Stonework at Carraw

"The buildings form an intense group and they are, of course entirely characteristic of the area (if a little bit more sophisticated than one might have expected in such a wild place). Though in that wonderful stonework and surrounded by those wonderful trees they look almost timeless".

John Grundy, May 2007

The farmstead at Carraw, situated on the vallum of Hadrian's Wall, is all that remains of the vill of Carrawer, a member of the liberty of Tynedale.

Carraw is believed to be first recorded in the "The Black Book of Hexham" in the twelfth century as "Charrow" and then later in the assize rolls of 1279 as "Karrawe", in the close rolls of 1280 as "Cadrere", in the same form in the subsidy rolls of 1296 and finally in "The Black Book of Hexham" again in 1296 as "Carrawer".  The place name is thought to represent an old British plural of "carr" meaning "a rock", or a compound  of "carr" and the old English "raw" meaning "row". The name seems to have been influenced by the middle English "quarriere" and the middle latin "quadraria". Hence the original settlement was built on or near a row of rocks.

Medieval documents state that the settlement had been granted to Hexham Priory in the 12th century and was used as a summer retreat for the monks at the Priory.

Here in former times stood a Pele Tower, to which the priory at Hexham added a stone Manor House in 1406; but both these, in 1542 were uninhabited and in decay; and the whole estate though let on a lease from the crown to Sir Renold Carnaby was “lying waste and unplenished”. Evidence of the former Manor House can be found amongst the stonework of the surrounding farm buildings.

Local knowledge indicates that Carraw was also a former Coaching Inn, providing accommodation and rest for the weary traveller on the Newcastle to Carlisle route. It has been said that passing Drovers, as they moved their stock to and from market, purchased a well earned drink straight out of the cellar through a narrow opening onto the road. The opening still exists today albeit as a window.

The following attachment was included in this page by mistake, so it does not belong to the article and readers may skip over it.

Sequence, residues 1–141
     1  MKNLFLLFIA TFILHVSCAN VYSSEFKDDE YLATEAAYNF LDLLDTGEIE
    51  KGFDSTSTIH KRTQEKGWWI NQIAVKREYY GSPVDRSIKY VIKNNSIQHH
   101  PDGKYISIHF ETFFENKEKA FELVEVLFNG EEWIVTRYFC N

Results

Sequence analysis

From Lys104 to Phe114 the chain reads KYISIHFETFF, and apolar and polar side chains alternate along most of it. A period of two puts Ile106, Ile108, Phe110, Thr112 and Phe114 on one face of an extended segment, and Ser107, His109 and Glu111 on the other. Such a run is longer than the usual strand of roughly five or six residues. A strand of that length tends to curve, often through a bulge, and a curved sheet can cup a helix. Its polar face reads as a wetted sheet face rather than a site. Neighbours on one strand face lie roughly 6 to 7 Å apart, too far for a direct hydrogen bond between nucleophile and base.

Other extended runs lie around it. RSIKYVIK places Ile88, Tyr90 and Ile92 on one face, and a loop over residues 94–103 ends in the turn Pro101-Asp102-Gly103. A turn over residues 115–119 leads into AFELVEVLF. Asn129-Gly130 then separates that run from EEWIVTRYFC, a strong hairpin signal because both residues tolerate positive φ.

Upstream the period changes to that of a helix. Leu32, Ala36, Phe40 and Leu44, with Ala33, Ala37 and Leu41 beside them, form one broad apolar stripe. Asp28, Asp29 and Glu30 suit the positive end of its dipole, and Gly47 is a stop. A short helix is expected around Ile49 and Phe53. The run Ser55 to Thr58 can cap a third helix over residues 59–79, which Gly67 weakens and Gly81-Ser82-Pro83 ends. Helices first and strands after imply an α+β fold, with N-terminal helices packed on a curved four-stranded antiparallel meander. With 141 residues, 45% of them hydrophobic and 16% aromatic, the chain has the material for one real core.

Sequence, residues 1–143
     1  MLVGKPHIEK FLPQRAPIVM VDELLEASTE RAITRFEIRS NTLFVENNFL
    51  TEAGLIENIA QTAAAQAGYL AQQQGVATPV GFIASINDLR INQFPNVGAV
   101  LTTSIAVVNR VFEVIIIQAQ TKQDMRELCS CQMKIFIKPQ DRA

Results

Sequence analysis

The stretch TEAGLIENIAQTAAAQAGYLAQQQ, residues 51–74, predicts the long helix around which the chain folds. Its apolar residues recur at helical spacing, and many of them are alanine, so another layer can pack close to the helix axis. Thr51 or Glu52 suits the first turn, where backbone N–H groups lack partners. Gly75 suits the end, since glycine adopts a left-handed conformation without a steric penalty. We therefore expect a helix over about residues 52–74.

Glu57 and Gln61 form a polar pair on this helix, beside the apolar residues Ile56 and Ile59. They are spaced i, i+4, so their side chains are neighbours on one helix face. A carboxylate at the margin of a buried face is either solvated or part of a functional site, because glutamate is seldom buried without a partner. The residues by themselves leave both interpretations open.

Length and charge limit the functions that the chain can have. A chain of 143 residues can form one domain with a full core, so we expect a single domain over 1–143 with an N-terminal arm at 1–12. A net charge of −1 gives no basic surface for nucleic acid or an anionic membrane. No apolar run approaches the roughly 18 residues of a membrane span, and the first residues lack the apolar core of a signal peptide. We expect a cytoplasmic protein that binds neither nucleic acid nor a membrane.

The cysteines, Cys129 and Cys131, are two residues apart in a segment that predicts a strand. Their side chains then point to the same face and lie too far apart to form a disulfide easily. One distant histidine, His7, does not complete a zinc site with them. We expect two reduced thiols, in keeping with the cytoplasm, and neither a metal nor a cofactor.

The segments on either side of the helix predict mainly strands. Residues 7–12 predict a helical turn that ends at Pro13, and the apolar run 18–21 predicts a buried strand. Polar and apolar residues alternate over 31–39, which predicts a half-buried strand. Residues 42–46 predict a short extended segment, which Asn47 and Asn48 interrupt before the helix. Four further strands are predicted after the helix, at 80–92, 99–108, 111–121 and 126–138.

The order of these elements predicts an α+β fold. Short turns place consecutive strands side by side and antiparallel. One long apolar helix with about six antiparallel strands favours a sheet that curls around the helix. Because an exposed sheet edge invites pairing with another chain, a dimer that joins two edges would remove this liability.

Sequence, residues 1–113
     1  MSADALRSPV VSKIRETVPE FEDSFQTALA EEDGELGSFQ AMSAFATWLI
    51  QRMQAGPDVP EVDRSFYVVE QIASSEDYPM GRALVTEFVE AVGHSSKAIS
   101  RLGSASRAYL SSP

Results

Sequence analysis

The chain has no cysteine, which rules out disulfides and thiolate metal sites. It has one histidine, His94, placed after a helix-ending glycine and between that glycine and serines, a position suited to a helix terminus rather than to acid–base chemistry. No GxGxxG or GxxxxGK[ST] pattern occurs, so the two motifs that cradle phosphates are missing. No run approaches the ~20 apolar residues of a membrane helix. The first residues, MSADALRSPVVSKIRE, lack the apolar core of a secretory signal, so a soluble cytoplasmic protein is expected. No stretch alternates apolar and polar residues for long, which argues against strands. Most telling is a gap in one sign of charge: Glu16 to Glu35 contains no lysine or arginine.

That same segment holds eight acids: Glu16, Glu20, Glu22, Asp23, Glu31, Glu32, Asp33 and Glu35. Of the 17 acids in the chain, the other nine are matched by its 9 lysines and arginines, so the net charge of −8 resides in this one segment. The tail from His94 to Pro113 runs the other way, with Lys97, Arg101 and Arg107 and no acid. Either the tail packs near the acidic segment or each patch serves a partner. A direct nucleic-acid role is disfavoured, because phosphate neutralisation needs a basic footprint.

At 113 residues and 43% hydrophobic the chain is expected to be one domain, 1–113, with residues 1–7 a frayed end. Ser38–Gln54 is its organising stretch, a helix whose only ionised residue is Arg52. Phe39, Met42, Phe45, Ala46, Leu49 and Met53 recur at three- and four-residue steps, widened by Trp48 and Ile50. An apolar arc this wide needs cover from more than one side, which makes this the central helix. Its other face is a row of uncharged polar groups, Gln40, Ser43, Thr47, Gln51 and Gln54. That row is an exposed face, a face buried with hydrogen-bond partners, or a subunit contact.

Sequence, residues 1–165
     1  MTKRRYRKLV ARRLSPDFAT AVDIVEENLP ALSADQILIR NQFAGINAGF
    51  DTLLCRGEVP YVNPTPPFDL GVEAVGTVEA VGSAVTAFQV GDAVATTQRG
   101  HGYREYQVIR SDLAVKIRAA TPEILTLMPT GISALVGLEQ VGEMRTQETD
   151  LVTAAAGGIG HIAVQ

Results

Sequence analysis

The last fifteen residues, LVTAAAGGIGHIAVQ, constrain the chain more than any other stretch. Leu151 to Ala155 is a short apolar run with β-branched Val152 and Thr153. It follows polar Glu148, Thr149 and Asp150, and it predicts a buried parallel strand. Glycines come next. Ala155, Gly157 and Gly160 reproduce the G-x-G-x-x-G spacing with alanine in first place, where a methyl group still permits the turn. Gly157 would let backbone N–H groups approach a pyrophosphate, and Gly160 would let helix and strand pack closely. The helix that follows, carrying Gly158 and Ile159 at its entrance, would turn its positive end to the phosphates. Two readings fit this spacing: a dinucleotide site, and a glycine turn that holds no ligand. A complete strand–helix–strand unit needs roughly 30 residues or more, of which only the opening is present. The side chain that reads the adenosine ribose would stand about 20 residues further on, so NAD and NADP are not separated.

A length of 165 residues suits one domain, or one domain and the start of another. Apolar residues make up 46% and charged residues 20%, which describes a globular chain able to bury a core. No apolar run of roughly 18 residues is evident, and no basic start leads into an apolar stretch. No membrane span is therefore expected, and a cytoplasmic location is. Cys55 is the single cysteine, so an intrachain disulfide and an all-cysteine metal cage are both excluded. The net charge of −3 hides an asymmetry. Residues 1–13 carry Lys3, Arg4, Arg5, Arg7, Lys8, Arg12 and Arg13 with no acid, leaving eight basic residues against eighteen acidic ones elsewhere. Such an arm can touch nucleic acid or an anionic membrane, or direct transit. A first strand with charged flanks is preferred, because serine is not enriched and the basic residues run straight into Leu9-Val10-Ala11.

Local building historian, John Grundy, as part of a study of farms within Northumberland National Park, believes the current farmhouse at Carraw is basically 18th century, which was then extended and altered in the first half of the 19th century – probably round about 1840 (and again in 2007). The surroundings farm buildings are believed to be about 1840 also.

The remains of a post-medieval building were found during a watching brief at Carraw Farm in 2006. The remains included a section of wall built of reused dressed Roman sandstone, a possible cobbled interior floor surface and a stone rubble demolition layer. Finds from the site included pottery, glass and metalwork, the majority of which suggest an 18th to 19th century date. The building probably dates to the period 1745-1866.

Evidence also shows that the English surname "Calrow" is of local or habitation origin, being derived from the place name "Carraw". The original bearer of the surname would have been on one who dwelt "at carraw".

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